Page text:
I strongly consider leaving him at the Horse Park at this point. “Free to any marginally acceptable home.” Maybe just set him free.
A local trainer works some magic with the tiny terrorist and gets him on the godforsaken trailer and we’re finally, FINALLY headed home.
It takes me two days to even go to the barn again. I’m frustrated, ready to sell the stupid horse, wondering why I do this sport. Luckily, time is a good filter and within a few days, I can tell that’s not the answer. The answer is the horse is still green XC, he went to a huge offsite show, it was day 4, and his rider mentally checked out. My trainer reassures me if I’d just ridden to 5, he was starting to get the hang of it and probably would have at least jumped around a few more and that we’ve made considerable progress over the last few months.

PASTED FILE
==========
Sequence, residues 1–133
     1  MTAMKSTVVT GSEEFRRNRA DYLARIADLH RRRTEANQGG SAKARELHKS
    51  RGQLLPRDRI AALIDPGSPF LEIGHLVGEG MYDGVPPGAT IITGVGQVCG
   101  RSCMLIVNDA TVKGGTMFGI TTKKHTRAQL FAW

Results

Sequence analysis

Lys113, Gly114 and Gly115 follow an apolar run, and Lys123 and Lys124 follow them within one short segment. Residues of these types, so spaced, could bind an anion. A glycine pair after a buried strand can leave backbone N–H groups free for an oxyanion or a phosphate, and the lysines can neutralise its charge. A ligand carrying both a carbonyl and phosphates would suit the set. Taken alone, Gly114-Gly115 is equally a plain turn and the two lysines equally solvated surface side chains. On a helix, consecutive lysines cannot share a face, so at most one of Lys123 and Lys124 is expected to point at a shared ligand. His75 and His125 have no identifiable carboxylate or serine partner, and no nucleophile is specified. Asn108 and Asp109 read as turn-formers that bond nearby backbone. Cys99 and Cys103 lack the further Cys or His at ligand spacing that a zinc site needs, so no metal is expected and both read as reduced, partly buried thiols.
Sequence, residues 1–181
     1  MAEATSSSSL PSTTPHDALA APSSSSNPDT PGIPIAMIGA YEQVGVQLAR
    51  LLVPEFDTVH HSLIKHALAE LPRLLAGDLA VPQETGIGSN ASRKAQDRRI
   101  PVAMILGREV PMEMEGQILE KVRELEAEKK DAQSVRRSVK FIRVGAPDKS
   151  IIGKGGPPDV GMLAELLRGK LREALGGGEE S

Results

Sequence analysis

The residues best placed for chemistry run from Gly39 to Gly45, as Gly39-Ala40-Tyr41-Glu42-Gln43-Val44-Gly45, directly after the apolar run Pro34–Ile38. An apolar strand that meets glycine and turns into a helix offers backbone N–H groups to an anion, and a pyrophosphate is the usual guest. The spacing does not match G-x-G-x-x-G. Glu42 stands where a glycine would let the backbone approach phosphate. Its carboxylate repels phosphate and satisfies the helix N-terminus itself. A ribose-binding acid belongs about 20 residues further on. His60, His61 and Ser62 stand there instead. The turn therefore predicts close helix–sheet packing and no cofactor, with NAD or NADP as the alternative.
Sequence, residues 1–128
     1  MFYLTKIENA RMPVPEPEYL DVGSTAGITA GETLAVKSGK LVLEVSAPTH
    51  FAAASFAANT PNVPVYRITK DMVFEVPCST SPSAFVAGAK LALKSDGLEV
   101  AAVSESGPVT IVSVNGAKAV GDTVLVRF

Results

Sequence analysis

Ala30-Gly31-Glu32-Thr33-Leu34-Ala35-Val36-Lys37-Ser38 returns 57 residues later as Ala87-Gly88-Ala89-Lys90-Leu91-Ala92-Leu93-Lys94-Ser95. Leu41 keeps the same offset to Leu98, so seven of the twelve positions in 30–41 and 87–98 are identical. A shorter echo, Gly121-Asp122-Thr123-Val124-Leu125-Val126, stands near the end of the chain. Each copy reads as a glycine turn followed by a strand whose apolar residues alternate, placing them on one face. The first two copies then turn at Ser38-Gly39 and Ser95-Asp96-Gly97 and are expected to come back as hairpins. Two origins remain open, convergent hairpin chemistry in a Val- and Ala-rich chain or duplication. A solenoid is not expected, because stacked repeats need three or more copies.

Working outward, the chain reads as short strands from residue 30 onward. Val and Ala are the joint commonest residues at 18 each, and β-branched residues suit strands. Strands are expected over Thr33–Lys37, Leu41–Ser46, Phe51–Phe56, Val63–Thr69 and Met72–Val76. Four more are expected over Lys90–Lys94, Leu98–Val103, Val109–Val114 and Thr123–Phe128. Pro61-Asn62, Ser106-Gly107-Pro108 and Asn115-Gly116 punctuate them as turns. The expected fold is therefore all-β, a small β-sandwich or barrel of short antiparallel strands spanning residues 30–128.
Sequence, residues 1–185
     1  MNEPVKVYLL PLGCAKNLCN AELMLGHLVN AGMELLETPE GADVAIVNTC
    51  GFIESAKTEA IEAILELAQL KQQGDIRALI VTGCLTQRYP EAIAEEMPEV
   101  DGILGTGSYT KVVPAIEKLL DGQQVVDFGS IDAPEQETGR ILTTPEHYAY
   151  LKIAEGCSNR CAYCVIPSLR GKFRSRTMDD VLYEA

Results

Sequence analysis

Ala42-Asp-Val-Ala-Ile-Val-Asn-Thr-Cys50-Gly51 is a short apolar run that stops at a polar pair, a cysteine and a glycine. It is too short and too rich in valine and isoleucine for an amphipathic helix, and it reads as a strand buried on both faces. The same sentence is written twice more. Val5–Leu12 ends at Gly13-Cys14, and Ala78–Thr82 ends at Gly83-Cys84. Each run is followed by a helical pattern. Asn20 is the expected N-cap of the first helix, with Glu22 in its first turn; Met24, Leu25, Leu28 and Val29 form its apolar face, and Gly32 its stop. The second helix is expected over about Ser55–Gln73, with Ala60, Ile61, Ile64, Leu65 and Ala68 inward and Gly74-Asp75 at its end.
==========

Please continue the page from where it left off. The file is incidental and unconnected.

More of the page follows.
And that’s the wrap up of IEA weekend. It didn’t end how I would have liked it to, but when I look back, I’m still thrilled with Saturday, had a great time and learned a lot. Archie held himself together at his first HT for the most part, he was never bothered by the 10 billion cicadas and I didn’t fall off a single time. We made it around a hard stadium course and looking back, the XC course was kind of a mess for all the Starter divisions. In the end, of those of us who made it to the startbox, there were 5 rider falls, 10 eliminations and 3 retirements.
The last 10 months with Archie have been the biggest challenge I’ve ever faced with a horse, but I’m not ready to give up on him yet. That XC course exposed he’s still green and needs miles – particularly miles off the property. We’ve formulated a plan for the next few months and since then, I’ve buckled down to get it done. It’s already paying off (more on that soon!) and I’m happy to say, I have not left him on the side of any roads or set him free.